Communicating efficiencies

Jon Tedstone from ESi Controls explores how architects can use choose modern heating controls and communication networks to precisely meet individual project requirements and maximise energy efficiency

An architect selecting a new boiler for a new home or development needs to consider heating controls which meet Boiler Plus regulations – these came into force in April 2018.

Most control manufacturers now offer Boiler Plus-compliant controls which offer time and temperature settings plus load compensation which provides the ability to modulate the flow temperature from the boiler based on the actual room temperature. This requires the control and boiler to communicate, sometimes via OpenTherm communication. OpenTherm ensures the boiler modulates the flow temperature to provide an accurate control over the desired room temperature and stops the boiler cycling on and off, therefore reducing gas use, and saving money for homeowners.

Boiler Plus compliance can also be achieved using a smart control to provide automation of time and temperature settings and optimisation which calculates the time needed for the heating system to reach the desired comfort level – optimising the heating system’s operation to ensure it uses the least amount of energy to attain the desired temperature. Smart controls can be connected to a smartphone or tablet offering the ability for the users to control their systems remotely, offering more flexibility to lower energy use.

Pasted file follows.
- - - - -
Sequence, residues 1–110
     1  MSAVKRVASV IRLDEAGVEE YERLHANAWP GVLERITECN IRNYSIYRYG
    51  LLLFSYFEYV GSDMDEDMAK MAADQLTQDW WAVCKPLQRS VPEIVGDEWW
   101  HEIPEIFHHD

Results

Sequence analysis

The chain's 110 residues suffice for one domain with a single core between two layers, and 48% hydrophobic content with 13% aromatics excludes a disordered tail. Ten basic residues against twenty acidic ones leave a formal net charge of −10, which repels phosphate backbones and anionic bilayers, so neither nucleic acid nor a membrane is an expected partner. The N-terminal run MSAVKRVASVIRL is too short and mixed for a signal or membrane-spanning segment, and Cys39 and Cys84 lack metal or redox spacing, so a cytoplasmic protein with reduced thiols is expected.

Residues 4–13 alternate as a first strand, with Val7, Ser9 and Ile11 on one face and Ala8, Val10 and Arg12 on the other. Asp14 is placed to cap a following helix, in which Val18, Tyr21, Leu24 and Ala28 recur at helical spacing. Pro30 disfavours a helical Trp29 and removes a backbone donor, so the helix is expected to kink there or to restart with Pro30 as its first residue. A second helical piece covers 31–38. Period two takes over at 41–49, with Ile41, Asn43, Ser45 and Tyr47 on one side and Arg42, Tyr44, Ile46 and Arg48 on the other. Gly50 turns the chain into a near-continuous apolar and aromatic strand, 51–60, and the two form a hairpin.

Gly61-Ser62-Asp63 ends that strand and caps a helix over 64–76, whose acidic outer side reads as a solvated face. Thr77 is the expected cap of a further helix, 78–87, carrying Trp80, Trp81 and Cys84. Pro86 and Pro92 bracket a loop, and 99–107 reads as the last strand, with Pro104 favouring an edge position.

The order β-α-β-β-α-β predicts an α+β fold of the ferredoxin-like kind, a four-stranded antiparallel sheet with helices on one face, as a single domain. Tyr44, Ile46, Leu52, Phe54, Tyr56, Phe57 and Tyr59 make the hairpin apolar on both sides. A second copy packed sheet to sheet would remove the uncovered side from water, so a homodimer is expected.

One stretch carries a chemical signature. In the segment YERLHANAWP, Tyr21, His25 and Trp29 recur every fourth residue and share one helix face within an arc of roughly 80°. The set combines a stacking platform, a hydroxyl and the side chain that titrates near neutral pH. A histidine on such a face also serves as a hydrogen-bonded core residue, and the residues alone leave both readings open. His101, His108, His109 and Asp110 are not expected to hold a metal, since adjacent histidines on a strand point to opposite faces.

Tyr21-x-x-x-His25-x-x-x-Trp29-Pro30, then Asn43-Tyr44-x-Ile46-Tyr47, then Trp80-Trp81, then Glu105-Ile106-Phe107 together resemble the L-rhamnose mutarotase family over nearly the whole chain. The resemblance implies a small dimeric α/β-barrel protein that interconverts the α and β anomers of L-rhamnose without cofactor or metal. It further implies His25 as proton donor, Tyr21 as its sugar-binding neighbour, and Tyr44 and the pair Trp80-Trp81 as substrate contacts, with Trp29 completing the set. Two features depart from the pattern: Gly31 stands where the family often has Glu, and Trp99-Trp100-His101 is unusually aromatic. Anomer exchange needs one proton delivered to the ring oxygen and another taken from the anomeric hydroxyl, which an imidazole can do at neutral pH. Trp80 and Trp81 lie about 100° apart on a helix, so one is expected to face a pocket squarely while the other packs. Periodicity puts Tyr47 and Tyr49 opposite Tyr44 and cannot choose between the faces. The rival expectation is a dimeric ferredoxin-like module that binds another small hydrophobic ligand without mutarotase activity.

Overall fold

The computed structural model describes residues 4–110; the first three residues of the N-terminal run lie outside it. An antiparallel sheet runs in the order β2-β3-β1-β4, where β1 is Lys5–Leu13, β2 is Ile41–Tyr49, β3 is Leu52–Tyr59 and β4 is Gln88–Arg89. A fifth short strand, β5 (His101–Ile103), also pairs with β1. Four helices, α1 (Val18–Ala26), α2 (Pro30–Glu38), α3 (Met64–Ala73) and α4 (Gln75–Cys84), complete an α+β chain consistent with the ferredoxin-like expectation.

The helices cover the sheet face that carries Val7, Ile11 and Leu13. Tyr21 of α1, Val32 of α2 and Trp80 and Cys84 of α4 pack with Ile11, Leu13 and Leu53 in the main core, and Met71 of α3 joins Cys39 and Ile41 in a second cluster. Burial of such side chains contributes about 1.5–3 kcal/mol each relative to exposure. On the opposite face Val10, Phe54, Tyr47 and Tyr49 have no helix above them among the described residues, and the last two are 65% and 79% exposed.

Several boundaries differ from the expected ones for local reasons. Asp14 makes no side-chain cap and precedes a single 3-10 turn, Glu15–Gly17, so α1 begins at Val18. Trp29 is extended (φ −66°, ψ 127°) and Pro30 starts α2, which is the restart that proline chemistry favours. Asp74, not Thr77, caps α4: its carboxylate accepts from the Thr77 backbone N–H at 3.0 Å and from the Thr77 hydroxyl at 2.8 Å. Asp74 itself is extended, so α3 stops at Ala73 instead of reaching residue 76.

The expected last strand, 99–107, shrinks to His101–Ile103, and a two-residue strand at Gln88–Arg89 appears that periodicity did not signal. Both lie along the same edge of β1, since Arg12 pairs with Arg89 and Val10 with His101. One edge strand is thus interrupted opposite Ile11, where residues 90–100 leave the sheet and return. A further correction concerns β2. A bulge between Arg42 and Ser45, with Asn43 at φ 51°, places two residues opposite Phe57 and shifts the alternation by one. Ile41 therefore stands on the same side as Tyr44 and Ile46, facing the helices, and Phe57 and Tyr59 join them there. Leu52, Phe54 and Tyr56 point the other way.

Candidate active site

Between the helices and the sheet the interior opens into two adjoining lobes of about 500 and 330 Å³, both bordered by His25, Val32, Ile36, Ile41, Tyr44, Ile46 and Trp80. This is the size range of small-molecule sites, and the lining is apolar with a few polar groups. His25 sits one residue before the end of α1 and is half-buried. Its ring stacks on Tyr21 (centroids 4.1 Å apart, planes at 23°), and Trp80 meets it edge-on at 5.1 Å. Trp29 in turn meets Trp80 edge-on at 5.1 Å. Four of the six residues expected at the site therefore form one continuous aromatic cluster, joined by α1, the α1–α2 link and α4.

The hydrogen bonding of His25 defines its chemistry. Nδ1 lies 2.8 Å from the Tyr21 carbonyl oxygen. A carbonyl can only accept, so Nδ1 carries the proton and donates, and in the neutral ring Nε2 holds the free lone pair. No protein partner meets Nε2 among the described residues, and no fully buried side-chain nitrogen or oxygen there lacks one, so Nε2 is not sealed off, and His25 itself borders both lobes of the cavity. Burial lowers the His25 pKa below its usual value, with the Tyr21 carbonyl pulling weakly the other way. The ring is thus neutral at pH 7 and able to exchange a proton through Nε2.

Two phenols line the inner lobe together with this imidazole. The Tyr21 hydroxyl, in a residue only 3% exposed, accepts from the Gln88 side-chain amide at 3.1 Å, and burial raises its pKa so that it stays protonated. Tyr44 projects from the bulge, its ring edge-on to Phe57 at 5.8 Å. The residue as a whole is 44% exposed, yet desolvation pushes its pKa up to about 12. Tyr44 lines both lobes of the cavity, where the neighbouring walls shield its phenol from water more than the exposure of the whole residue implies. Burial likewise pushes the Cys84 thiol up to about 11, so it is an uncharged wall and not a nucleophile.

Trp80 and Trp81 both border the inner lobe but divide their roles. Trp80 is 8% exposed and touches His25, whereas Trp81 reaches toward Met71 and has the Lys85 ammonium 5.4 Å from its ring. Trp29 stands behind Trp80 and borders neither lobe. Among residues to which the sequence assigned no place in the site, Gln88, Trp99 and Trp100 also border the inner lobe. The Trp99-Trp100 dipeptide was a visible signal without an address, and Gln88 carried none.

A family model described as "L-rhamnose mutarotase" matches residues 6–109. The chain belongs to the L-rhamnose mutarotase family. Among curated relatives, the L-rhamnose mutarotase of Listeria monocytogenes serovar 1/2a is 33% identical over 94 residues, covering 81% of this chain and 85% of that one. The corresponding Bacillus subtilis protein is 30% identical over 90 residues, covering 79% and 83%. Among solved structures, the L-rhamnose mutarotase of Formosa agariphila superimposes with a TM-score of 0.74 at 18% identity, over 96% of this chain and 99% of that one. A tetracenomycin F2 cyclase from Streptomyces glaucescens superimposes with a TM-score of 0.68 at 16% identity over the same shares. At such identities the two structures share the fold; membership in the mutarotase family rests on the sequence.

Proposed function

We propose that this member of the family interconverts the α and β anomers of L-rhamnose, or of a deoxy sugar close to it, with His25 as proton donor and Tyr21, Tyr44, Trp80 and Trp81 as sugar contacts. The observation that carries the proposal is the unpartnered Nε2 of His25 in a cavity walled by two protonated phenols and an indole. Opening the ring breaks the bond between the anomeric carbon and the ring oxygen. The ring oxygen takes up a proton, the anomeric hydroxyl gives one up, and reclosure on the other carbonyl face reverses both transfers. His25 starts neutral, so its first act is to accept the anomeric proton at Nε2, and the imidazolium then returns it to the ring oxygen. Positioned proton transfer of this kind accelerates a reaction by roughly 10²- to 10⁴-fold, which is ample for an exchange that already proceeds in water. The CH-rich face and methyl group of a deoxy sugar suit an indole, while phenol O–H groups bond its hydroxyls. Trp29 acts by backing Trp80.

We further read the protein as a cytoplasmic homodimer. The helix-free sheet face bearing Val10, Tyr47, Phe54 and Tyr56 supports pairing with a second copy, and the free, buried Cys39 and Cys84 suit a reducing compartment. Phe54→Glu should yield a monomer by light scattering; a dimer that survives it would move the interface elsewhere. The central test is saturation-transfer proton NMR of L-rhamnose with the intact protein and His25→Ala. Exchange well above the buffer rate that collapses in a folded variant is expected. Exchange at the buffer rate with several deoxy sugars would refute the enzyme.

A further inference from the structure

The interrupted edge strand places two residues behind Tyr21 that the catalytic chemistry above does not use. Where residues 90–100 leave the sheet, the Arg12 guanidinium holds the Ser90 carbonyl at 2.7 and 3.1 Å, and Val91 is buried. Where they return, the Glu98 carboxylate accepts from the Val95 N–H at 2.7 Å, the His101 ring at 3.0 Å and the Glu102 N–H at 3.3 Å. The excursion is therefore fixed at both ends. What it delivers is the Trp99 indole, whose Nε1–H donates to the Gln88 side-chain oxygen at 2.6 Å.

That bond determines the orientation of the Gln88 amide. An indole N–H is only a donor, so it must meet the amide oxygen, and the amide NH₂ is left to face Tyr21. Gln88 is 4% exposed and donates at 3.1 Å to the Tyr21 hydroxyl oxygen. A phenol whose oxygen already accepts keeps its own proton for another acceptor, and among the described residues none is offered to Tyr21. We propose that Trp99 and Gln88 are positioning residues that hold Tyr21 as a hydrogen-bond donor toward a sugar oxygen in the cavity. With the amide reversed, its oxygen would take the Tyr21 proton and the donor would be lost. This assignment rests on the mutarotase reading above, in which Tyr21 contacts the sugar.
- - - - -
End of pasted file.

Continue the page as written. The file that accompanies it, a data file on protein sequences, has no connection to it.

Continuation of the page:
The design of a new smart control must provide the user with a simple, easy to use and understand interface between them and their heating system. Manufacturers now provide a range of controls which offer different features and functions to suit the homeowner’s age range and personal requirements such as larger clearer screens for the visually impaired and larger temperature selection buttons to allow elderly and vulnerable people to simply turn their heating up or down according to their comfort levels. Similarly, smart controllers now offer sleeker designs which blend into a modern home featuring glass and stainless steel with a lack of switches and buttons with the controls being touchscreen or app based. 

Modern controls allow you to control individual heating zones in the home more accurately so you can easily increase the temperature in the rooms you will use as you head home after work, for example. And you can monitor the temperature levels in different parts of the home, reducing temperatures in rooms that will not be used but leaving enough background heat to keep them comfortable.

With energy prices increasing, it’s important to take a close look at every way in which energy can be saved; this is why some manufacturers’ have developed their controls to be OpenTherm compatible. The way OpenTherm works allows a far smoother transition of heating control, which reduces energy and saves money. The  communication method can save 10%-15% on a gas bill. We’re hopeful that we’ll see increased awareness of OpenTherm controls in the next few months, as people begin to realise the savings these controls offer when connected to a modern condensing gas boiler.

OpenTherm is a non-manufacturer-dependent system of communication which is currently utilised predominantly between modulating HVAC heating appliances and room thermostats. It consists of a communication protocol and an interface specification. OpenTherm utilises an established technology combining simple installation procedure with high functionality and future expansion possibilities.

Jon Tedstone is head of sales and marketing at ESi Controls